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AP PHOTOS: Cambodian village prays for good fortune, prosperity, and rain in ‘He Neak Ta’ ritual

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PHUM BOEUNG, Cambodia (AP) — Hundreds of Cambodian villagers on Tuesday took part in a rare traditional guardian spirit ceremony praying for good fortune, rain and prosperity, as they aimed to preserve this ancient tradition.

Known in Khmer as “He Neak Ta,” the ritual was held in Phum Boeung village some 25 kilometers (16 miles) northwest of the national capital, Phnom Penh. Young men painted scenes from folklore on their faces and bodies, dressed up as spirits and donned grass skirts while the young women donned traditional clothes.

Cambodia’s population is mostly Buddhist, but people also subscribe to animism, a belief that spirits can inhabit all sorts of living and inanimate objects.

The ritual celebrated annually during the beginning of the rainy season was widespread in ancient times but is rarer now. Phum Boeung has held the ceremony for several hundred years.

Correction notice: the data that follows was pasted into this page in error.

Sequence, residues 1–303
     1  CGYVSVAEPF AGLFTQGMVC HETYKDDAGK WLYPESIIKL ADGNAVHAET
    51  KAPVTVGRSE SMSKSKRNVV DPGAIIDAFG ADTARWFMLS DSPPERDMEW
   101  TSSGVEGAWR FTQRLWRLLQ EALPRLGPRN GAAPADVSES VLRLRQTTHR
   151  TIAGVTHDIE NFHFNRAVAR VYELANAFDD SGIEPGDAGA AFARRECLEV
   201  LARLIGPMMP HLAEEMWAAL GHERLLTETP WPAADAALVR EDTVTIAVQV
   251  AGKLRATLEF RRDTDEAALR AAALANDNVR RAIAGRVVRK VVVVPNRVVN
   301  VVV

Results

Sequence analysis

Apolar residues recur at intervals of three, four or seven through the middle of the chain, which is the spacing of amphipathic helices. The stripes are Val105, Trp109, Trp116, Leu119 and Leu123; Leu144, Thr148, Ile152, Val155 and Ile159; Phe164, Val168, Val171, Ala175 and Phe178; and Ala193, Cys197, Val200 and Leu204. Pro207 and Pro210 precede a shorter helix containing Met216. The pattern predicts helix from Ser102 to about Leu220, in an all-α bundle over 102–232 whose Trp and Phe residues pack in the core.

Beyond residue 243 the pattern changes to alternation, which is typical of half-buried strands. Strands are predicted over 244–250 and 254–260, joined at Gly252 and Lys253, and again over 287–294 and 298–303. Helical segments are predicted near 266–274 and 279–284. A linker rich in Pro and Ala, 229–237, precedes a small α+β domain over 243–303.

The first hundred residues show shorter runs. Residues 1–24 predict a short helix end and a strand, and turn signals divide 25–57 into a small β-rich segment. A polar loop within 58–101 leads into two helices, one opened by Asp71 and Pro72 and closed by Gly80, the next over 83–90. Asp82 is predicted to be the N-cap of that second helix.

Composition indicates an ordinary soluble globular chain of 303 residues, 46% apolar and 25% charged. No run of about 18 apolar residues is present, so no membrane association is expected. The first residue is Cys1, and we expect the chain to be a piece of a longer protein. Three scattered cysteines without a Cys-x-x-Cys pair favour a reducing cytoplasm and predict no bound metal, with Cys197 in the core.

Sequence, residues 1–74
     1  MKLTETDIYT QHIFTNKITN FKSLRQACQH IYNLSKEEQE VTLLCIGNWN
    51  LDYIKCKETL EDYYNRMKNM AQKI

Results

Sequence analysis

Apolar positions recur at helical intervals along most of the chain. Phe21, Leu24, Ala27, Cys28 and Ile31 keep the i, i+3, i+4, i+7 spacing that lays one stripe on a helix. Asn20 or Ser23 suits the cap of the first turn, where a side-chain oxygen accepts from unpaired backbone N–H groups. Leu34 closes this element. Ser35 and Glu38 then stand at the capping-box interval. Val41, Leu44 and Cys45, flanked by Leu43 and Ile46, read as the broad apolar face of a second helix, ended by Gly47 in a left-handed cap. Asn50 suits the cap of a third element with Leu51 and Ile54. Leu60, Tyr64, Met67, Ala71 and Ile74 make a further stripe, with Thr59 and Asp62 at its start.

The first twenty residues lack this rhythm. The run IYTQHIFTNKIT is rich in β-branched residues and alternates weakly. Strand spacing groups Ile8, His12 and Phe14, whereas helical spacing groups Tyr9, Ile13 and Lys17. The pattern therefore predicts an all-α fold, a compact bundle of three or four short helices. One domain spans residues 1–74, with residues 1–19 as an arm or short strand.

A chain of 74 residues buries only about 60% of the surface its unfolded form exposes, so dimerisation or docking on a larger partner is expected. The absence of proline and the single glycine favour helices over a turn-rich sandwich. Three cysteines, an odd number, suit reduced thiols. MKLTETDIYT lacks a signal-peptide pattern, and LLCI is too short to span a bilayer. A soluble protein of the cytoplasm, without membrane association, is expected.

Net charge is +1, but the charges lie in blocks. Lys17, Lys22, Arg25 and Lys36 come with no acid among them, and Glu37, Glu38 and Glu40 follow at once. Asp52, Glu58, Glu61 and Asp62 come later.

“The ceremony has been held every year since I was born. I saw my grandfather and my father celebrating, and we did it today because we wanted to preserve our ancestors’ traditions,” 35-year-old Sem Pum said.

Villagers, both old and young, congregate about 3 kilometers (1.8 miles) from the monastery of a guardian spirit. With traditional music being played, the group then walk towards the site, some on horseback.

At the shrine, villagers light incense sticks and offer several kinds of fruits, food, soft drinks and alcohol while praying for good fortune, enough rain, prosperity and to prevent diseases upon their entire community. The half day ceremony ends with the spraying of holy water to cheerful participants.

Meth Sokry, 30-year-old blacksmith, who painted his face and body as a spirit and clothes in leaves, said he asked for time off from work to participate.

“When I asked permission from my supervisor, I told him that today’s ceremony is important for me so even if he did not give approval for my leave, I would take the day off,” Meth Sokry said.

Cambodia heavily relies on agriculture, fishery, and forestry, and more than 60% of Cambodians live in the countryside. The ritual coincides with the monsoon as farmers prepare for planting rice, one of the most water-intensive crops.

According to the Cambodia Rice Federation, the country exported more than 656,000 tons of milled rice last year, a 3% increase from 2022.

By SOPHENG CHEANG
Associated Press

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